Netflix plans to release a cheaper, ad-supported subscription tier in the near future – and if HBO’s equivalent level success is anything to go by, the streamer is a winner.
In a recent survey carried out by Internal (opens in new tab)28% of HBO MaxRespondents who subscribed said they are currently subscribed to the platform’s ad-supported subscription tier – despite the cheaper version of the streamer only having released in June last year.
For $9.99 (about £8 / AU$14) a month, subscribers to the ad-supported version of HBO Max can access the same library of movies and TV shows as those on the standard tier (which costs 14.99 per month), although without the ability to download content for offline viewing or stream it in higher quality than 1080p.
The Insider study surveyed 1,600 adults in the US, so its findings are far from conclusive. However, that staggering 28% is likely indicative of national trends, corroborating a growing industry sentiment that subscribers to streaming services are ready and willing to embrace cheaper, ad-supported subscription tiers if given the opportunity. to do it.
The data will be a welcome relief for Netflix and its executives, who are currently formulating their own ad-supported subscription tier in a bid to mitigate the streaming service’s impact. recent subscriber losses.
“We leave a large segment of customers off the table, which are the people who say, ‘Hey, Netflix is too expensive for me and I don’t mind advertising,’” Netflix co-CEO Sarandos recently admitted when asked about the decision. from the company. to adopt ads, having previously been against the idea. “We’re adding an ad layer; we’re not adding ads to Netflix as you know it today. We’re adding an ad layer for people who say ‘hey, I want a lower price and I watch ads.'”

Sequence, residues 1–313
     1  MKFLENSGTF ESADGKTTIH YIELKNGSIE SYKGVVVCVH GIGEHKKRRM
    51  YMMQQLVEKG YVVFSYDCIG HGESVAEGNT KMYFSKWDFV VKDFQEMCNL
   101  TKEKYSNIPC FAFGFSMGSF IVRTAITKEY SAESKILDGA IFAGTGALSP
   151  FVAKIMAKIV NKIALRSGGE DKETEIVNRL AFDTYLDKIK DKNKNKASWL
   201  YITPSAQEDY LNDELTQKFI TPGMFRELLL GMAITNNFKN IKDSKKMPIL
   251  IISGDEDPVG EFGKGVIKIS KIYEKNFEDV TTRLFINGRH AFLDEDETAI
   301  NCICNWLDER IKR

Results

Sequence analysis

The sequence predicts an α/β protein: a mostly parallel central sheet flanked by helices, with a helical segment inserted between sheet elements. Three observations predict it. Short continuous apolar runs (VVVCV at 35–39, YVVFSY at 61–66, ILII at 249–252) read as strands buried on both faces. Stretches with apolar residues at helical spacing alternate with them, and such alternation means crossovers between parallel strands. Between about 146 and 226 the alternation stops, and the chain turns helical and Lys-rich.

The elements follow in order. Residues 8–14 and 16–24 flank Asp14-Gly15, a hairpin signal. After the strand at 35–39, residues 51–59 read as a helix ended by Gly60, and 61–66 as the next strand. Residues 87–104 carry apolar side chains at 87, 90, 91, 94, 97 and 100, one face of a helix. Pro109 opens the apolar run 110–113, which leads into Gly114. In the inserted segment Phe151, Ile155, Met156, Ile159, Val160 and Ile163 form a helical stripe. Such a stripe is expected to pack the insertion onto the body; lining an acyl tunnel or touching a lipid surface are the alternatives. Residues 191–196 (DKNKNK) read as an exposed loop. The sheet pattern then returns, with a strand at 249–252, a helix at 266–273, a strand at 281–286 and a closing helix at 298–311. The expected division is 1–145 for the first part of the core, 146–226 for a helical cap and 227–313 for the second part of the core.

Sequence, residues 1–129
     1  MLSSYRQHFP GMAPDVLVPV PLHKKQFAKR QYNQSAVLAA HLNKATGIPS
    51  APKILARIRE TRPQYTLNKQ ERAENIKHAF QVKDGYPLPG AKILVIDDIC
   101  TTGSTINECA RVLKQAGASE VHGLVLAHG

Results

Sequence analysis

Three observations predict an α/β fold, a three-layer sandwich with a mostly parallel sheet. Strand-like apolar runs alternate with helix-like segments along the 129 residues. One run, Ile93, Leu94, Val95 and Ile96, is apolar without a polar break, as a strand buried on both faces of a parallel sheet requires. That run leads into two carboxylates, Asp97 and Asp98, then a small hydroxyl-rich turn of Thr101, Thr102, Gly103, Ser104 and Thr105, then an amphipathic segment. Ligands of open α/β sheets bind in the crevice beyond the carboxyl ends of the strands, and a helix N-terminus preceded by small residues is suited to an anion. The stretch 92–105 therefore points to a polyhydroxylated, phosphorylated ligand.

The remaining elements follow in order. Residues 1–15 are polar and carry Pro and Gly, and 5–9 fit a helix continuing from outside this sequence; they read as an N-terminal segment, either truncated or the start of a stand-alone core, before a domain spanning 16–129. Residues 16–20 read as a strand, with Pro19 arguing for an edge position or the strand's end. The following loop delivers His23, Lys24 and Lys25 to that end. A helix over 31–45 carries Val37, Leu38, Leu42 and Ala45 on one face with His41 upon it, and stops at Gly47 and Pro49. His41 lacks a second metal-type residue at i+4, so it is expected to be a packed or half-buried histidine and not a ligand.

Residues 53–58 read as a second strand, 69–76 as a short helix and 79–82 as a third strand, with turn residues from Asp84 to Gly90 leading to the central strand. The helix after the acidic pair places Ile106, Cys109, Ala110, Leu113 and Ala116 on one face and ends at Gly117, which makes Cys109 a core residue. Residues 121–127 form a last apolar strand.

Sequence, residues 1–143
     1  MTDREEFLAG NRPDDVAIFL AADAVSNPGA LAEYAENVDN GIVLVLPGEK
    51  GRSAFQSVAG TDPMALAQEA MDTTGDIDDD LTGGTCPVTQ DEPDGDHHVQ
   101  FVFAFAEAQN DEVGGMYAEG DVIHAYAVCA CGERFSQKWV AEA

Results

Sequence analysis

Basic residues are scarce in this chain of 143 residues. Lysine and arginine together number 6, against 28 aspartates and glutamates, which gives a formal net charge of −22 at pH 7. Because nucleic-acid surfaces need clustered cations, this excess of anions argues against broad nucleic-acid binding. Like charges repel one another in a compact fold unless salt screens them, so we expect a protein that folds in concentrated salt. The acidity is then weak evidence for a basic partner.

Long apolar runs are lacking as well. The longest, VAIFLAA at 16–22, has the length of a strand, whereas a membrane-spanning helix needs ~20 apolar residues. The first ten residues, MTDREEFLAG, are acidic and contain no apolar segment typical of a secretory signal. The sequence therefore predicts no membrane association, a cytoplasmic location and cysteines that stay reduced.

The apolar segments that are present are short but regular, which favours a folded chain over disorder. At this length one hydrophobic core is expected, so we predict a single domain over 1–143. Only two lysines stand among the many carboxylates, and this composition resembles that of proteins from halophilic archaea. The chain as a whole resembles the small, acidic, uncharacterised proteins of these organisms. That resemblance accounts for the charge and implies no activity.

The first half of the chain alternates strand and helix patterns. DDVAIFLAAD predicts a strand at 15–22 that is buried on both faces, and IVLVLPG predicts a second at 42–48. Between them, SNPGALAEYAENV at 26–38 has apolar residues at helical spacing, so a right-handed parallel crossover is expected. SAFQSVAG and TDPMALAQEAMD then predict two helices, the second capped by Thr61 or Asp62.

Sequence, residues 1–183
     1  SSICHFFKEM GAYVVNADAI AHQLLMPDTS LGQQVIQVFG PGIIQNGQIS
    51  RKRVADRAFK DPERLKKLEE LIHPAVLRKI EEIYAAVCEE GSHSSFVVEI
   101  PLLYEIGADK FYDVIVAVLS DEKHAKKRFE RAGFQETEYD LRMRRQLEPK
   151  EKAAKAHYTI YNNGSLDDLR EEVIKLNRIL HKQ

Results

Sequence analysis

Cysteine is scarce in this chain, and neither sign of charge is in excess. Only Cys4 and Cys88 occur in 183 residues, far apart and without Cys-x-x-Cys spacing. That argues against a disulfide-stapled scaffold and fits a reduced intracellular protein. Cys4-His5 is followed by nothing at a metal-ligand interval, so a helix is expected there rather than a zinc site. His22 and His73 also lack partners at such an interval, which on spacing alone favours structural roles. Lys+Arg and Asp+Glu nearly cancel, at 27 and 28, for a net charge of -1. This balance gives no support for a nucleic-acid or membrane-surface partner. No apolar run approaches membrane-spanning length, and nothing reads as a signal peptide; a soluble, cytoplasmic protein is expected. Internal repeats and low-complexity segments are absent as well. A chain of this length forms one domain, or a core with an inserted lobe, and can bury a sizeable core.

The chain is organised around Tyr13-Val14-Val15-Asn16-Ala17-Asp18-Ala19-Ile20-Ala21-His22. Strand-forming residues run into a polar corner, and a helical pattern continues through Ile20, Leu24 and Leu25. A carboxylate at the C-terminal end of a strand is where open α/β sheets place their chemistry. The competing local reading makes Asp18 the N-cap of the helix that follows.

As with HBO Max, Netflix plans to introduce this ad-supported tier for customers who are willing to pay a lower monthly price at the expense of ad-free viewing. This tier will be completely optional and ads will not start appearing on existing subscribers’ Netflix accounts.
It’s still unclear how much Netflix’s ad-supported subscription tier might cost, nor what parameters this more affordable package might put on content availability, although the HBO model provides a useful model (for potential customers as well as Netflix itself).
We also don’t know when this new tier of Netflix will launch. Co-CEO Reed Hastings has suggested a year-end arrival is a possibility, telling investors the company is “trying to figure that out in the next year or two”, but no concrete details have been offered yet.
We’ll share more details as we get them, but in the meantime, read our breakdown of why we think optional ads are really great for the health of Netflix and its content offering.